Offline business owners go online to make sales in the lockdown period
© NMPak | Little Ivan

Offline business owners go online to make sales in the lockdown period

“I have been working online for over a year now, but in the last three months, my sales have gone up by more than 50%,”

says Hafsa Saleem, the owner and founder of Shahas Original Brand.

While it is true that the lockdown to control the spread of Covid-19 has severely impacted Pakistan’s economy, it has put people out of jobs, businesses have closed down, and some industries have made zero sales in the last two months.

But every dark cloud has a silver lining. With the traditional offline sales closed, people have turned to the online mode of shopping. They’re buying things from websites, Facebook business pages, and sometimes Instagram account shops.

Ayesha Khan said, “I have shopped more than I usually would in a year. It is just so tempting to buying everything that comes in my view while I scroll down my Facebook feed.”

According to Google, the world’s largest search engine, people in Pakistan are increasingly searching for online marketing, online payments, and brand loyalty. Pakistanis finally realize how active online presence can be beneficial and how important it is to have one.

“Pakistan could create 78,000 job opportunities if they develop instant delivery and logistic services,” says Cheng Xizhong, a Chinese professor. Indeed the delivery service in Pakistan has been on a boom. Kulsoom Qamber, co-owner of Ride On, a Karachi based delivery service, said, “The workload has increased ten-fold because of that we had to do new hires on immediate basis.”

Many shop owners who had shops in some of the busiest areas in Karachi have turned to social media to make sales. If you are online at night, every second post on your Facebook feed would be a live video in which people are displaying their products, interacting with customers, and booking orders. Seeing the product on video attracts more customers.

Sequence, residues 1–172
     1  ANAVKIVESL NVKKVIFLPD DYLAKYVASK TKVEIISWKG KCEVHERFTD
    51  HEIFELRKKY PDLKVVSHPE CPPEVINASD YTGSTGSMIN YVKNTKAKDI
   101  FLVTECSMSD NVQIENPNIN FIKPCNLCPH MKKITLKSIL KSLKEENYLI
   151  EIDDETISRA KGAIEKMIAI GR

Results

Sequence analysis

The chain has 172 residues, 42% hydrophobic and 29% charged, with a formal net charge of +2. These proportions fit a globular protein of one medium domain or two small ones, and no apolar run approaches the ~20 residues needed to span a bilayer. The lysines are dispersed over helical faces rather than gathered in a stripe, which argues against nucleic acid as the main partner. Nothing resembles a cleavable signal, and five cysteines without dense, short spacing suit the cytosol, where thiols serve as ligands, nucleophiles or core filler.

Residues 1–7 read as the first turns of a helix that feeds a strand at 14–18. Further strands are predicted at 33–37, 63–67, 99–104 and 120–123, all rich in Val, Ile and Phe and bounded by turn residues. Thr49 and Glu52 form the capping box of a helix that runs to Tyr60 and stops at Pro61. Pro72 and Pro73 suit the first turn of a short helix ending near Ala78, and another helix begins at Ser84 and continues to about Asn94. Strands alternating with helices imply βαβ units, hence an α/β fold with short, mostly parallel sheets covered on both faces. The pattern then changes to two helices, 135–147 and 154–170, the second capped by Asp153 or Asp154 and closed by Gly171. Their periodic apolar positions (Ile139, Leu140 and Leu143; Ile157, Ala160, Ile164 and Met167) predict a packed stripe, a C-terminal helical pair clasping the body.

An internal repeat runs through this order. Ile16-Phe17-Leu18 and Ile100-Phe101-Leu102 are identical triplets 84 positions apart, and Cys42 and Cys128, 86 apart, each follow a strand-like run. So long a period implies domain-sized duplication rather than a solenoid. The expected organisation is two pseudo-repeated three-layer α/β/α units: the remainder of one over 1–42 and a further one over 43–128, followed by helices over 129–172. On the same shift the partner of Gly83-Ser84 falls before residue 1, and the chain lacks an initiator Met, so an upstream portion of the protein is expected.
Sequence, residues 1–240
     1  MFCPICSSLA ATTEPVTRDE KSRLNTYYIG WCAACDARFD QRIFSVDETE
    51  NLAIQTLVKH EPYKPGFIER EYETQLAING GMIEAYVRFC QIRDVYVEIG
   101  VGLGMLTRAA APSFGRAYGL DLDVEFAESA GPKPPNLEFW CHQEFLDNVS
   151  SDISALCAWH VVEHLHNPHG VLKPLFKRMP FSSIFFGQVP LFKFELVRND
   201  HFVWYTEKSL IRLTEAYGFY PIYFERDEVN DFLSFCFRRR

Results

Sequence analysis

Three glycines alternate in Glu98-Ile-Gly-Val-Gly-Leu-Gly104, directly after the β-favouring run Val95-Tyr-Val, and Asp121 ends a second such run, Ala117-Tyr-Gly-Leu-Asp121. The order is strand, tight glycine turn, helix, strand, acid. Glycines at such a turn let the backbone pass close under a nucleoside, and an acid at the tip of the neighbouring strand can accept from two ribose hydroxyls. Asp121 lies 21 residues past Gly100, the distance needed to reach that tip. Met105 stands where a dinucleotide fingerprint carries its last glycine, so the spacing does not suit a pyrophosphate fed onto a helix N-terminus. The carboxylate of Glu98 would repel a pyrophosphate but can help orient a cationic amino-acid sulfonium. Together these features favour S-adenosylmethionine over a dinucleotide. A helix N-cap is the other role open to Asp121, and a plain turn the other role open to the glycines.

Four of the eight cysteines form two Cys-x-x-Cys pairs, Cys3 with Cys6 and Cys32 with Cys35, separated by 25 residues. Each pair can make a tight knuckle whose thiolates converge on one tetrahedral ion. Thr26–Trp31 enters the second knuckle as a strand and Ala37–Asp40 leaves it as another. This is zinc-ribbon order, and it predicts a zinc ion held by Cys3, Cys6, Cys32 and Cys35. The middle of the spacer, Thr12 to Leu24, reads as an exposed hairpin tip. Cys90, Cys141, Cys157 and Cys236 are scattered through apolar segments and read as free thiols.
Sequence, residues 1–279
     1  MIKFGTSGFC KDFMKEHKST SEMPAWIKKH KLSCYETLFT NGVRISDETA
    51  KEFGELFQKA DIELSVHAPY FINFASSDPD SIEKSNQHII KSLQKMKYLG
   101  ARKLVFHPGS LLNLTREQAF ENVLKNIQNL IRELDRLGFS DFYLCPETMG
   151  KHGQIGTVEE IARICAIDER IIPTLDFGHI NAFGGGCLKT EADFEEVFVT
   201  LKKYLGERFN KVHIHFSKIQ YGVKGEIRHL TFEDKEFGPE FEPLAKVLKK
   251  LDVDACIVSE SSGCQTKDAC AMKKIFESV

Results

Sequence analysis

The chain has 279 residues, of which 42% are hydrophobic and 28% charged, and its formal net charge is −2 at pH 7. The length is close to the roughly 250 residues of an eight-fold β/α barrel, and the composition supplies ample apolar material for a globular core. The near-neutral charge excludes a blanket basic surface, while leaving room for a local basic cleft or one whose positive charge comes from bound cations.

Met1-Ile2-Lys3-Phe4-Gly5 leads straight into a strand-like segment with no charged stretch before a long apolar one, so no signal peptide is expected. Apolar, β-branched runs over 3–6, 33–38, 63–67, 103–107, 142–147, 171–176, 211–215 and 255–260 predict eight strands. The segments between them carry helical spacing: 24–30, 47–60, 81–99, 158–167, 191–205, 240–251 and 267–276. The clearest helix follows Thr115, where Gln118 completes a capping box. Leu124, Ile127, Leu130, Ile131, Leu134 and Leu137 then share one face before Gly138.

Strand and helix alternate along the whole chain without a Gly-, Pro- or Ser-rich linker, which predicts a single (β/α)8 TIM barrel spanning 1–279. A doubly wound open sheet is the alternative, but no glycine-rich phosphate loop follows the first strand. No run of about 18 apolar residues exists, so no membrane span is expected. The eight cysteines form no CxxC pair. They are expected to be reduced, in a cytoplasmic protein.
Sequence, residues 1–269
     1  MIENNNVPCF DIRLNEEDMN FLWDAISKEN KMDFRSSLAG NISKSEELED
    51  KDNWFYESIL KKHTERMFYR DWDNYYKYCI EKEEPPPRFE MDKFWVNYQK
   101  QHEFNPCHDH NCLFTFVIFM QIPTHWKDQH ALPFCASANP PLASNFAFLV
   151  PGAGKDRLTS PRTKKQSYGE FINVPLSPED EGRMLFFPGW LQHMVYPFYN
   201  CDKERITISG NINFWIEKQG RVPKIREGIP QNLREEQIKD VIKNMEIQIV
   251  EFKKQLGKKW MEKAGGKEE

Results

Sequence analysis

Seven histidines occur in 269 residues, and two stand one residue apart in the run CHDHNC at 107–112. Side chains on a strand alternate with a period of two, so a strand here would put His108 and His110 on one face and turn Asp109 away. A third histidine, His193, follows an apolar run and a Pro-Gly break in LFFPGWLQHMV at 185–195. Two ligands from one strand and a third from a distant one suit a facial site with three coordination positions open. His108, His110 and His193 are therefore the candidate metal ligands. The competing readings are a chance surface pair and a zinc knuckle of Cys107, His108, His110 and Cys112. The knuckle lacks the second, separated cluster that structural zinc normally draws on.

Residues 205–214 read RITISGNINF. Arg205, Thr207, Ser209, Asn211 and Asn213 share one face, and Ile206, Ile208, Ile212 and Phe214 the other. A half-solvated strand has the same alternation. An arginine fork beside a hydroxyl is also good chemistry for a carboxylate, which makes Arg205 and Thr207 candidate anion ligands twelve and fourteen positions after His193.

People are also starting to see how online shops have no physical boundaries. Tariq Farooq, a cloth shop owner in Bahadurabad, Karachi, said I never thought that I could make sell cloth to people in Islamabad and Lahore while my shop is here. I will certainly continue to run my online store even after the pandemic is over.”

The manually driven economy of Pakistan has shaken up by the circumstances created by COVID-19. It has pushed people to explore the digital world. It has brought the small business owners and large industries on the same level. The one who advertises and gives the best customer service wins the race.

Numerous daily-wage workers have lost their jobs, but some have learned better ways to get jobs with the help of the younger generation.

“My Father is a woodworker who has to go to a carpenter shop daily and sit for 3-4 hours sometimes even a whole day waiting for a customer to come and give him some work. However, with everything closed, he couldn’t get any jobs. I asked him to give me a chance to help. I created a social media page with the name woodworks, posted it in groups, and ran some media ads. Now, he gets jobs without having to wait at the shop.” says Asma, an entrepreneur who found the perfect solution to a common problem.

E-commerce is rapidly growing in Pakistan, online shopping has become a dominant trend, and in the foreseeable future, it might develop further. If the logistics and the telecommunication companies reach out to the rural areas, a lot of things about the Pakistani economy could change.

About Hawwa Fazal

An introvert who sees words as her safe haven. A passionate storyteller who aims to make a difference with words. A journalist, content creator, and digital marketer by profession.

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